Friday, March 2, 2012

Union Camp Servants in Kentucky, Part I

When Union troops moved into Kentucky and joined their Bluegrass state comrades in arms one of things they observed first-hand and commented on was slavery. For most of these soldiers, mainly from Illinois, Ohio, Wisconsin, and Michigan, their first experience with the institution came in this key border state.

As the Kentucky state legislature officially ended neutrality in September 1861, politicians and army officials made sure soldiers took a hands-off approach in relation to slaves, so as not to offend slaveholding Kentuckians, and potentially drive them into the Confederacy. The hand bill above, from Harrison County, Kentucky and dated September 28, 1861, bears evidence of this early war stance. It noted, "My soldiers will not interfere with peaceable and law abiding citizens. They will hold no conversation with your negroes, or suffer them to come within the lines of our encampment."

However, after the Emancipation Proclamation went into effect, things changed significantly. Although Kentucky was not officially subject to Lincoln's edict, Union soldiers, especially those from other states, took in large numbers of runaways and employed them for various camp duties.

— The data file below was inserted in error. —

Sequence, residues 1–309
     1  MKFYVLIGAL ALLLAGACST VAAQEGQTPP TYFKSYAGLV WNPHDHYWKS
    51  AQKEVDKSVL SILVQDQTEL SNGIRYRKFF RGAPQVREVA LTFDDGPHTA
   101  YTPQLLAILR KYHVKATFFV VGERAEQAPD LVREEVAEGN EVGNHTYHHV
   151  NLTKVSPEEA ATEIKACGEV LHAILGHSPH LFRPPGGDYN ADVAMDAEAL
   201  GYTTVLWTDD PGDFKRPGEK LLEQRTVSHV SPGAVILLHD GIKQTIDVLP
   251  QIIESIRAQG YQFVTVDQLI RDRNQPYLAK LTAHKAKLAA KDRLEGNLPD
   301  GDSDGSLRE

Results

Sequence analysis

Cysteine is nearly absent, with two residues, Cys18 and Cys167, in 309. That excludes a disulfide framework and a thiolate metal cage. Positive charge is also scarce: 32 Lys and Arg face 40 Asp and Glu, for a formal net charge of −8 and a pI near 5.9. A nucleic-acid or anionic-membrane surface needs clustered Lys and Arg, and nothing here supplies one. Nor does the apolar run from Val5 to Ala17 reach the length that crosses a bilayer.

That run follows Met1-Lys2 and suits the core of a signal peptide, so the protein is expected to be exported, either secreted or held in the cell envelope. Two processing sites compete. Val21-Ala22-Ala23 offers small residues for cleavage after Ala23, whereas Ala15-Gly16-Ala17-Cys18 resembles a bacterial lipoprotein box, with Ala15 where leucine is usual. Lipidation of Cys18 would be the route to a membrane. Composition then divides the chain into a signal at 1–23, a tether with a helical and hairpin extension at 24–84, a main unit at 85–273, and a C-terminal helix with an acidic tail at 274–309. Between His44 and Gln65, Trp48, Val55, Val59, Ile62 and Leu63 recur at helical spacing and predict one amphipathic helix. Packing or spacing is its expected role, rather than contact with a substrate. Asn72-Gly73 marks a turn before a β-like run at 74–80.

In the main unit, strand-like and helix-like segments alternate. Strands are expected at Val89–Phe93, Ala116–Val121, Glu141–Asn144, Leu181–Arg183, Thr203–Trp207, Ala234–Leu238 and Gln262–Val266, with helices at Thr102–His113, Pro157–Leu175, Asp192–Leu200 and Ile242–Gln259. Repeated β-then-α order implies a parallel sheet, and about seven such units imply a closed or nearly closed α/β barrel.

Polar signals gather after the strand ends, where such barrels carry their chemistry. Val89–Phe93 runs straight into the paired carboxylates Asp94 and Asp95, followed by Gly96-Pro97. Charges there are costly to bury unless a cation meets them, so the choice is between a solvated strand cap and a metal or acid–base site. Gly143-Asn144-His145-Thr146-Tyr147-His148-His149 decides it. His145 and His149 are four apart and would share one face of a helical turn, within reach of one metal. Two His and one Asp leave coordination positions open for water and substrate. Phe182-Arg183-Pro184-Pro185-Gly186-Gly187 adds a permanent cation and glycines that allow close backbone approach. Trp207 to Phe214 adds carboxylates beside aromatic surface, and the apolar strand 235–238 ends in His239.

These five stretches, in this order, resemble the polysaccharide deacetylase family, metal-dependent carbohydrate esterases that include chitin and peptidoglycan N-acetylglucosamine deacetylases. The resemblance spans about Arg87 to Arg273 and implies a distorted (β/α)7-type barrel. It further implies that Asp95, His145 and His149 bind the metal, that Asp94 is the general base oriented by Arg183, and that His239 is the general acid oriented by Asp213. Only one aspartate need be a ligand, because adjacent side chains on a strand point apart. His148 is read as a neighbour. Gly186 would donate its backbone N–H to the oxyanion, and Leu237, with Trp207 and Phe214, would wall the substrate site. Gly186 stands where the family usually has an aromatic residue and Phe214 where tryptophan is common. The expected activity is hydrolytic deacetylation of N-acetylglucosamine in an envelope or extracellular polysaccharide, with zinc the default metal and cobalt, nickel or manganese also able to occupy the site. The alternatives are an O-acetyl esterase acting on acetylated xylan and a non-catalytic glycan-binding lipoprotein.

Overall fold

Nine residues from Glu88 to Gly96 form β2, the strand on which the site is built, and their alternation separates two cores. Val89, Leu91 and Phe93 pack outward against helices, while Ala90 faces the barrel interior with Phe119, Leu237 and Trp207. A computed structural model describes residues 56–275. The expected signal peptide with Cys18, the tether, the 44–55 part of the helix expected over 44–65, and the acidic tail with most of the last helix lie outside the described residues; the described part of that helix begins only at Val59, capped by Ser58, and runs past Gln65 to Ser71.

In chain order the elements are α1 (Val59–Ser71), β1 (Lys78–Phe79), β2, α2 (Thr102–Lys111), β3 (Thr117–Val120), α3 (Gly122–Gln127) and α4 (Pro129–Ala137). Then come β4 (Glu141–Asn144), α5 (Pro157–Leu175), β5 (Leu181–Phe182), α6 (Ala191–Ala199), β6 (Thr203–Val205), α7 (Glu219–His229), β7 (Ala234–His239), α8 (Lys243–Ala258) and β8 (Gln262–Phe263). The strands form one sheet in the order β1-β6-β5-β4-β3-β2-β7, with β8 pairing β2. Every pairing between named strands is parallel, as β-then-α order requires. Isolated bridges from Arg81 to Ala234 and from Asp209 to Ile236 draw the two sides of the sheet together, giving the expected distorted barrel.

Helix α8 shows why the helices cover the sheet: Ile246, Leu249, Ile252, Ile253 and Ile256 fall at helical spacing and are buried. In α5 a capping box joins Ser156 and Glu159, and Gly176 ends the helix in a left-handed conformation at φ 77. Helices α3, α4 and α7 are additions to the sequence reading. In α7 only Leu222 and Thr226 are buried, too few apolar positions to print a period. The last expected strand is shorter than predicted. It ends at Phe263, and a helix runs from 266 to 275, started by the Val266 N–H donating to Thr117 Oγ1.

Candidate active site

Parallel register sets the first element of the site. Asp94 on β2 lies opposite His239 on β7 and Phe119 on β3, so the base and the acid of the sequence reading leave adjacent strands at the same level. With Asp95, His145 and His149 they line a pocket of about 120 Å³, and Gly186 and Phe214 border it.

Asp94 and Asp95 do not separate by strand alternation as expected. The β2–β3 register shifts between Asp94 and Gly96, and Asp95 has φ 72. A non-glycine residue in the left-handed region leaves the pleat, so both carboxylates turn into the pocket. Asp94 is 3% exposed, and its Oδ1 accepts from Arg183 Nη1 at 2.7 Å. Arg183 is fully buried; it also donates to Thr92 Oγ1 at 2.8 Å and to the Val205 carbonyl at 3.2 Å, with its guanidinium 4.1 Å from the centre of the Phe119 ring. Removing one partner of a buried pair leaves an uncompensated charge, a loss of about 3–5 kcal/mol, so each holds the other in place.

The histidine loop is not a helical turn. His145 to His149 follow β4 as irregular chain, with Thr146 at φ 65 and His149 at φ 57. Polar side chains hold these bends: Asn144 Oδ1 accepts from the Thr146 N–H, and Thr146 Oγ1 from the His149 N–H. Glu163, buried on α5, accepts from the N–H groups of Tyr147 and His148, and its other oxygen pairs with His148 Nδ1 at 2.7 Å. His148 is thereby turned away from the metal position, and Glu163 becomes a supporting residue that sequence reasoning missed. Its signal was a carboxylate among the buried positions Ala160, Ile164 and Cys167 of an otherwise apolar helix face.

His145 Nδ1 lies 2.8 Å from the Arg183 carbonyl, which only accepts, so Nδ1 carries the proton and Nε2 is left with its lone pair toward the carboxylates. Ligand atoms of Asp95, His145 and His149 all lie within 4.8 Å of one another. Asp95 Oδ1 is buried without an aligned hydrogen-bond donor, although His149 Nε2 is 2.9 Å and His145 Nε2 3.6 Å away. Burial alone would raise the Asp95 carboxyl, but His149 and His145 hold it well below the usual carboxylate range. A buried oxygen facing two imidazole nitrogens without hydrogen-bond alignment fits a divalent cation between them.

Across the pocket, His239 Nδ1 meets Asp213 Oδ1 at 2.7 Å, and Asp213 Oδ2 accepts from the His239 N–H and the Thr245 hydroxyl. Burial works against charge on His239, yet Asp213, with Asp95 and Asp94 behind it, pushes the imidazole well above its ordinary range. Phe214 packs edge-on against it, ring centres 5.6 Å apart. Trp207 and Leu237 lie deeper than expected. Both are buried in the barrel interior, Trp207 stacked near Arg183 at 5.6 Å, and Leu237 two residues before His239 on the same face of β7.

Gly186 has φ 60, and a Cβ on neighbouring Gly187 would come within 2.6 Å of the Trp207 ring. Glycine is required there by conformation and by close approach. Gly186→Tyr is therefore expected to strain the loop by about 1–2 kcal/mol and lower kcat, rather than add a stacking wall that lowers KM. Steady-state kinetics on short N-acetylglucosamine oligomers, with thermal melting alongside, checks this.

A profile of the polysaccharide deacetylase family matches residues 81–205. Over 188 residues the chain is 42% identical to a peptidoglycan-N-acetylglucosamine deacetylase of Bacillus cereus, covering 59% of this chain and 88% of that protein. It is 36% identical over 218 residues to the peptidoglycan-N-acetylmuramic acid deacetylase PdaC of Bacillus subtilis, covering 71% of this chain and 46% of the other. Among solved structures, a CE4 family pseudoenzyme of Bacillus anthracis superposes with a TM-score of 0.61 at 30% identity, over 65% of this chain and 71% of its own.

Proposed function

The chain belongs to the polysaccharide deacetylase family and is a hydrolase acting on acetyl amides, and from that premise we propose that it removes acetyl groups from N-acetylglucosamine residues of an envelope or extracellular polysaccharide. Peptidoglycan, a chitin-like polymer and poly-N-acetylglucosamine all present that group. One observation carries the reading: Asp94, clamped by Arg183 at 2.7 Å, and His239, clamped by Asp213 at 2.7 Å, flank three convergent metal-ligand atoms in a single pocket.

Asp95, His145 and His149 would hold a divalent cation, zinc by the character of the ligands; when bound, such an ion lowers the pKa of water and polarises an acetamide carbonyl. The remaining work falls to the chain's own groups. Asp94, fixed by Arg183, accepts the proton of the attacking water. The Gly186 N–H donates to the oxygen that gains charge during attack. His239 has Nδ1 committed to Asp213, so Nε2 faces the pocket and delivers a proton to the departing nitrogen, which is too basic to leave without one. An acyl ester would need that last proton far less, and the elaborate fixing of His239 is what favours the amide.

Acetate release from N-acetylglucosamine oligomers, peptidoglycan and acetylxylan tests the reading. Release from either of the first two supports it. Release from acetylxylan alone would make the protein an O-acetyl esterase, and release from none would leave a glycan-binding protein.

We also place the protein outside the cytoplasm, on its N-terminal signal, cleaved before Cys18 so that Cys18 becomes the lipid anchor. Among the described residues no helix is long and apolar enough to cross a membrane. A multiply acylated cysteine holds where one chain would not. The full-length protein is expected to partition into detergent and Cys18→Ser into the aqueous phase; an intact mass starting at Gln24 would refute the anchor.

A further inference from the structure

In the letter above, from soldier James Magie of the 78th Illinois to his wife, wrote about a runaway in their camp. "We have a contraband in camp who makes us a great deal of fun. He is the greatest dancer I ever saw. He joins in our debates, and makes a right down [damn?] good speech. He is employed by the Colonel and works makes fires, works &c. He means to stay with us until the war is over and then go off to Illinois with us. He is a slave and ran away from Spencer County about 50 miles distant."

Historians have shown that many Union soldiers' attitudes toward slavery changed after making contact with the institution. Soldiers' letters bear out the fact that they hadn't really thought about slavery or what it did to a society in which it existed until they saw it first-hand. That is not to mean that the soldiers' attitudes toward African Americans always changed too. Most soldiers were for whatever would help end the war sooner, but that didn't necessarily mean they wanted African Americans to have the same social standing and political opportunities that whites enjoyed.

Images courtesy Kentucky Historical Society and Gilder Lehrman Institute of American History.

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